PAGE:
let go of. In addition, the company wanted to determine which groups of customers
purchased which products. Overall, the strategic goal was to create a tool to be used by
the sales department in order to adjust company marketing practices, i.e., to determine
suitable marketing effort levels for different, previously unknown, categories of
customers.
The data were extracted from the case company’s data warehouse and consist of data
about customers and their purchasing behaviour. The customers are companies from
different lines of business, e.g., service, construction, industrial, wholesale, and retail.
The data originate from the customers’ annual reports and the case company’s own data
warehouse. They contain descriptive categories, describing the attributes of the
customers, as well as sales information concerning the major products. The variables
were selected in collaboration with the case company, based upon which data:
1
the case company considered important demographic indicators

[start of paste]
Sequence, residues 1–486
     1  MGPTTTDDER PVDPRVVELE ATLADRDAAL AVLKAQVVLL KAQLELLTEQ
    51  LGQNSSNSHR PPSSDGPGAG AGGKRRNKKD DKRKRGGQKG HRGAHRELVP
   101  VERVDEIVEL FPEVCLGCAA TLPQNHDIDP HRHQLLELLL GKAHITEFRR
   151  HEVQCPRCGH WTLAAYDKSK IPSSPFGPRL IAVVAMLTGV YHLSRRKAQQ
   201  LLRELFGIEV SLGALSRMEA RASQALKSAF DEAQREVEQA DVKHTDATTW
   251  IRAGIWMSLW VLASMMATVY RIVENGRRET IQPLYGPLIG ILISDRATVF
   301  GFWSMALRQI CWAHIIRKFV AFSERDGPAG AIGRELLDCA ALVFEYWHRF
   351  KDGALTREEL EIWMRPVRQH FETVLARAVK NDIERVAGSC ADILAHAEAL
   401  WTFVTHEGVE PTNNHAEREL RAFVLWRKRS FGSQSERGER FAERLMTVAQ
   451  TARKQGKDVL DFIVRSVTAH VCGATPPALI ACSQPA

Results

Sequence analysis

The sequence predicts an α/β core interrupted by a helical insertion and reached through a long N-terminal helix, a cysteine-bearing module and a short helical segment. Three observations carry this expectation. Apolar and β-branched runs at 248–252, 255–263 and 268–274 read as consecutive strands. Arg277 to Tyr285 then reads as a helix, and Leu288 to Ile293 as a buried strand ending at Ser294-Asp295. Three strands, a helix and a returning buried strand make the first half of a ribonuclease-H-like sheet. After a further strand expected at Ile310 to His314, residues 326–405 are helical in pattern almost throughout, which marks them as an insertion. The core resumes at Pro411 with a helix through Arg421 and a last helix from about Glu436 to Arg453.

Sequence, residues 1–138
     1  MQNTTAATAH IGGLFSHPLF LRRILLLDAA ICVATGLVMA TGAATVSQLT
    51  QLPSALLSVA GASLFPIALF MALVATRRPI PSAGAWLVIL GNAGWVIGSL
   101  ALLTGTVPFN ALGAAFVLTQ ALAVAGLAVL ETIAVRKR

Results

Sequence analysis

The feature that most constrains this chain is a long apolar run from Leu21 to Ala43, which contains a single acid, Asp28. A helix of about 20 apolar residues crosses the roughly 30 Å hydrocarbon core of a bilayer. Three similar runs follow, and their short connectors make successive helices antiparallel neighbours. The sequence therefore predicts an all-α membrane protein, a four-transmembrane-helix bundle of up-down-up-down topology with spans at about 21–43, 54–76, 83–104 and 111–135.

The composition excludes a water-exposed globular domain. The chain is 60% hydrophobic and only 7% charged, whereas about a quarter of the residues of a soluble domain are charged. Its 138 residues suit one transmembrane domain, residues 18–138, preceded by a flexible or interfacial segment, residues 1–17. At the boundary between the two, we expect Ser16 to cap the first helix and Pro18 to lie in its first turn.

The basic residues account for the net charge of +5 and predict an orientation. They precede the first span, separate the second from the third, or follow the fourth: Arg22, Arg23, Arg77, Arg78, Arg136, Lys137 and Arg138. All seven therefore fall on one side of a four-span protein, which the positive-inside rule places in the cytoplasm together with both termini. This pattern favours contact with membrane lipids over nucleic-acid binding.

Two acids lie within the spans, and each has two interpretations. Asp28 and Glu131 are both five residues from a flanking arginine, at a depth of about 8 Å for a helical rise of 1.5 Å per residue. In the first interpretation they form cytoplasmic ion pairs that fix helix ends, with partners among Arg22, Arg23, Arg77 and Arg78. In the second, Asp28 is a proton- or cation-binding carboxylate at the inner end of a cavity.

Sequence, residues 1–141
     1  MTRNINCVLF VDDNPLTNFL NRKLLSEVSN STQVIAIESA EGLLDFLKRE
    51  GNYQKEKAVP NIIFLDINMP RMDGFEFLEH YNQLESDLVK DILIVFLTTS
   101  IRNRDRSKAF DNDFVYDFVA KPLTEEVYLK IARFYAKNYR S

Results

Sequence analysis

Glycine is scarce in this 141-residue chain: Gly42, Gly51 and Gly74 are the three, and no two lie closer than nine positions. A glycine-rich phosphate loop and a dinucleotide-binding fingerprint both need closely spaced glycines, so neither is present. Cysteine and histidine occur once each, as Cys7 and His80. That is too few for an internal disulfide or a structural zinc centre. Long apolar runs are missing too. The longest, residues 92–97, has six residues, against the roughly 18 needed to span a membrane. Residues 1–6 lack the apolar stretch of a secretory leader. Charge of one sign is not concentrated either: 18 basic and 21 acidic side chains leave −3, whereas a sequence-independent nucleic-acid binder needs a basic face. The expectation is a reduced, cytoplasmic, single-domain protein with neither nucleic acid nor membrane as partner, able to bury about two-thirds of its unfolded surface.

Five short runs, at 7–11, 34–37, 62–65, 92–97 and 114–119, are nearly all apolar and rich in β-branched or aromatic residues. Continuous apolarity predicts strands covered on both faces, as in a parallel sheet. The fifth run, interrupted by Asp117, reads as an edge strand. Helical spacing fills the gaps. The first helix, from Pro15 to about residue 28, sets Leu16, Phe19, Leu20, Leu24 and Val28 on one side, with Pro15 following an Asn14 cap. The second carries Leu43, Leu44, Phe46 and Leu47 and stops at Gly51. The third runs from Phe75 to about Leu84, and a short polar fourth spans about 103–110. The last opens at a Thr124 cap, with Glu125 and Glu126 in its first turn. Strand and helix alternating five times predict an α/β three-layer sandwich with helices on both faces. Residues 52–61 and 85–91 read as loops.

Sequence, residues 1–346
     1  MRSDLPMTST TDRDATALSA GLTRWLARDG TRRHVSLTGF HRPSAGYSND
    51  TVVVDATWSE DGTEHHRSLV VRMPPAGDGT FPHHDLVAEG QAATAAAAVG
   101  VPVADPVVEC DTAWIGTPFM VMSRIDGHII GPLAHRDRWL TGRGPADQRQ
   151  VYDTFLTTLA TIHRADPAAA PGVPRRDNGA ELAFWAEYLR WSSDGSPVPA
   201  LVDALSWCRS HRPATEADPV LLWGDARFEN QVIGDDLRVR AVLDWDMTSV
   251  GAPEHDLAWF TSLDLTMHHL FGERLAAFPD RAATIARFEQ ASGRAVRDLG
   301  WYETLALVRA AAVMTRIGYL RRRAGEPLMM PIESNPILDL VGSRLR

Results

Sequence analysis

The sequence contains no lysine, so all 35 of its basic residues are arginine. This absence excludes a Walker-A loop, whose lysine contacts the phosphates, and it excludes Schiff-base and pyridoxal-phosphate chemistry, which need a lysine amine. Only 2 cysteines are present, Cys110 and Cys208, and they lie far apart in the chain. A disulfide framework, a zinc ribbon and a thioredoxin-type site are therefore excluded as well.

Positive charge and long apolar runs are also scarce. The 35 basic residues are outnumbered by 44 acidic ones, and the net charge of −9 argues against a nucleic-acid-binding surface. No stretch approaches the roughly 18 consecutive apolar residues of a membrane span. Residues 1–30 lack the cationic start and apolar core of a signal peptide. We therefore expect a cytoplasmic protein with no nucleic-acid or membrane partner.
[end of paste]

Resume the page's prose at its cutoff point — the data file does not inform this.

2
were available (and considered reliable and complete) through the case company’s
data warehouse
3
were suitable for analysis with the SOM (quantitative variables).
Based upon a pilot test of the data and a review in cooperation with the case company, a
number of small and very large customers (appearing as outliers in the results) were
removed, and some product categories with small and infrequent purchases were merged.
The motivation for doing this was that the largest customers are already individually
served by an own sales representative, and the smallest customers were usually one-time
purchasers.
The descriptive categories consisted of:
•
risk factor, which is an internally calculated measure of potential financial losses
•
company age in years
•
solvency, which was calculated from the financial statement
•
turnover
•
change in turnover (%), compared to the previous year
•
balance sheet total, which serves as a measure of company size
•
return on equity (ROE), which was calculated from the financial statement.
The product categories consisted of 18 different products, labelled Products A–R. The
products are generally speaking information service products, where Product I
Customer portfolio analysis using the SOM
401
(a significant consulting service) is the most expensive product and Product L (a simple
filtered data product) is the most inexpensive one. Product O stands for overall purchases
of products and Product R for other products (one-time analyses and other products
difficult to categorise). The data collected were for the period of 2002 to 2006.